CANCUN, Mexico -- Hurricane Wilma struck the Yucatan peninsula yesterday, pounding beach resorts and dozens of fishing hamlets with 140 mile-per-hour winds and a 10-foot storm surge that sent water crashing over Cancun's white-sand beaches and into its exclusive hotel district.
The slow-moving hurricane reached Cozumel Island south of here as a Category 4 storm just after dawn, weakening slightly as it cut a swath across the peninsula. The eye of the storm was expected to pass over Cancun during the early morning today and then turn toward Florida, where authorities ordered a mandatory evacuation of low-lying areas on the southwest coast.
Felix Gonzalez Canto, the governor of Quintana Roo state, said Cancun, Cozumel, and Playa del Carmen were taking the brunt of the storm. He said some buildings on Cozumel Island that had been reinforced against hurricane-force winds had collapsed.
But as of early last evening there were no reports of deaths, and the governor expressed confidence that his state would be able to withstand the storm.
''We are sure we will get through this because among the people of Quintana Roo we have a strong culture of hurricane preparedness," Gonzalez Canto said.
The eye of the hurricane was 35 miles wide and took as long as seven hours to pass over a given spot, leading Mexican officials to express concern that many people might be fooled by the eye's calm winds and leave their shelters prematurely.
Cuba's official news agency reported that 200,000 people had been evacuated from low-lying areas on the island's western coast across the Yucatan Channel from Mexico.
Earlier this week, as it lumbered westward in the Caribbean, US officials said Wilma had become the most intense hurricane ever detected in the Atlantic basin. Local authorities ordered evacuations from Central America to south Florida and 13 people were reported killed in Haiti and Jamaica.
An estimated 30,000 tourists remained in shelters and hotels in and around Cancun. But most of the residents in this city of 500,000 people had been evacuated as the leading edge of the storm downed trees and flooded streets.
Downtown Cancun was deserted except for fire crews in yellow rain slickers, and all the area's department stores and boutiques were boarded up. Federal police sealed off the hotel zone to prevent looting.
''People warn us, and it's up to us to find safety," said Alberto Lemos, a real estate agent. ''If things are bad you stay inside. If it's really bad you go hide in the bathroom."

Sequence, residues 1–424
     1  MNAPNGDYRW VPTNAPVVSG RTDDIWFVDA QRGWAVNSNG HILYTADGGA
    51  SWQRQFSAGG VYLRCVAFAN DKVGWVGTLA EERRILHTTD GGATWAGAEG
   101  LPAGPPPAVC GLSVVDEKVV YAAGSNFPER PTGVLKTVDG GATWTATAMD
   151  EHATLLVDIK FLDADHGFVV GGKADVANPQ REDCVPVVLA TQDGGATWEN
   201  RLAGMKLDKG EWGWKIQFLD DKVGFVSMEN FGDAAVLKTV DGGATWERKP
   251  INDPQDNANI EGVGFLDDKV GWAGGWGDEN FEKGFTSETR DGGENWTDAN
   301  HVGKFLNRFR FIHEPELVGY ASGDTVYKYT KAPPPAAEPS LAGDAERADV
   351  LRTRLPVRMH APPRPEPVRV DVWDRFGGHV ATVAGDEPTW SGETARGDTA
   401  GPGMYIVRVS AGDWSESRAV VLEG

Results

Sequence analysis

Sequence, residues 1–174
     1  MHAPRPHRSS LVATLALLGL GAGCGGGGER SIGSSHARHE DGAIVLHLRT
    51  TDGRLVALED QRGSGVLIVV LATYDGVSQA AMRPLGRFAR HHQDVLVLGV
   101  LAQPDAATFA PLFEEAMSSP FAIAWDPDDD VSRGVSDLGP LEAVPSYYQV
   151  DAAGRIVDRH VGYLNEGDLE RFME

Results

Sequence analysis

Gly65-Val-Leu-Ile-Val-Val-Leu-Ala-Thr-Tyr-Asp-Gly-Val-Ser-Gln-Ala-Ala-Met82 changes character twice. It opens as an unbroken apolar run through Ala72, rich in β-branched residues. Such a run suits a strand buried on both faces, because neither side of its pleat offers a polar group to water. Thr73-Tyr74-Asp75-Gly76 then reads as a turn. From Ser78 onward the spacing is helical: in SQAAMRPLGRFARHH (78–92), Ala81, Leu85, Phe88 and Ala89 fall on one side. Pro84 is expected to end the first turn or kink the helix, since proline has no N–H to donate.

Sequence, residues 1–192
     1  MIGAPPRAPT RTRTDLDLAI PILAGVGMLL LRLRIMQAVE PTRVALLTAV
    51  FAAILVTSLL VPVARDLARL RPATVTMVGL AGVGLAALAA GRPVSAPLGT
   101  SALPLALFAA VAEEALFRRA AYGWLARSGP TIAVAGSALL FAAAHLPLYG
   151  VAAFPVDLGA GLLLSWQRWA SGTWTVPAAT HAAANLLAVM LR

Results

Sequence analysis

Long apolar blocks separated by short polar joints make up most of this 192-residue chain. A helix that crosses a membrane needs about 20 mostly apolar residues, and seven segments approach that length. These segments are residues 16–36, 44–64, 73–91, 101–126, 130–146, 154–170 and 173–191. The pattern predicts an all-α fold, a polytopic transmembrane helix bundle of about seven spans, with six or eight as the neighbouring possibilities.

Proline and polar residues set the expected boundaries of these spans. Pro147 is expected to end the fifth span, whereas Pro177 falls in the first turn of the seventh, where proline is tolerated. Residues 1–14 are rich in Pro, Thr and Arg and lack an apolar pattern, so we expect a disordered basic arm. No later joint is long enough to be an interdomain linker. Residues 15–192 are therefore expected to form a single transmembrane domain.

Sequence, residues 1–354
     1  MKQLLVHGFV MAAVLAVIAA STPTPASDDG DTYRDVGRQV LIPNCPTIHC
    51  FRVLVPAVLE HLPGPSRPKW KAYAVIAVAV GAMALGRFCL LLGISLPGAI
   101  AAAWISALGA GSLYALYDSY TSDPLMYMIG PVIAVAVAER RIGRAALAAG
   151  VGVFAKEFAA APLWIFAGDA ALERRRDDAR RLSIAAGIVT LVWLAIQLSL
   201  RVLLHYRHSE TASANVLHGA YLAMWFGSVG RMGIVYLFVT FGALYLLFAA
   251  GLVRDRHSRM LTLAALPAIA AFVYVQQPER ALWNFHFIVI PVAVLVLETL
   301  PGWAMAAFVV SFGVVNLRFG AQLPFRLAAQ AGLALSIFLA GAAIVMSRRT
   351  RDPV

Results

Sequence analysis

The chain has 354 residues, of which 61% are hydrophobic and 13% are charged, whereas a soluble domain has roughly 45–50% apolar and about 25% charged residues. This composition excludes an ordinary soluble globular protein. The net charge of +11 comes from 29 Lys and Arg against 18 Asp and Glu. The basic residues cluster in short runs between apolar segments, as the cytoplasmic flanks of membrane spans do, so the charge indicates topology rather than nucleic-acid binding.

Mexican meteorologists said Wilma was typical of late-season hurricanes: moving slowly and erratically. Advancing to the north at less than 5 miles per hour, it was expected to leave the Yucatan by late morning today after lingering over the peninsula more than 24 hours.
Max Mayfield, director of the National Hurricane Center in Miami, said the storm had ''the potential to do catastrophic damage." Mexico, he said yesterday, was ''getting the worst of it right now."
After passing through the Yucatan, the US meteorologists said Wilma was forecast to move into the Gulf of Mexico and then turn toward Florida. But the longer Wilma stayed over Yucatan, the less likely the United States would face a dangerous storm.
In downtown Cancun yesterday, flood waters were lapping against doorways and the rain was horizontal. Tree trunks bent to the point of snapping.
''Exotic, wonderful Cancun," quipped Omar Lincona, as he surveyed the scene from the relative safety of the City Express Hotel, some 3 miles from the beach.
Lincona is a 22-year-old television director who had come to work at the MTV Latin America Music Video Awards, which were postponed shortly after he arrived.
Among the tourists stranded here was 51-year-old Chicago resident Sam Greenberg. Having traveled to a remote area near Playa del Carmen, he didn't realize a hurricane was heading his way until he saw a group of men nailing boards to their windows.
''We were looking for a place to get away," Greenberg said. ''But we got so far away we didn't even hear about Wilma."
Yesterday morning, authorities turned off power throughout Cancun as a precautionary measure.
In Playa del Carmen, on the mainland opposite Cozmel, seven people were injured in the explosion of a gas tank. But in the city's shelter, Mexican media reported, two women went into labor, giving birth to a boy and a girl.
On Isla Mujeres, an island getaway off the coast of Cancun, Mayor Manuela Godoy told a local radio station that the situation was critical. The island's salt flats were flooding and rising waters were threatening nearby buildings.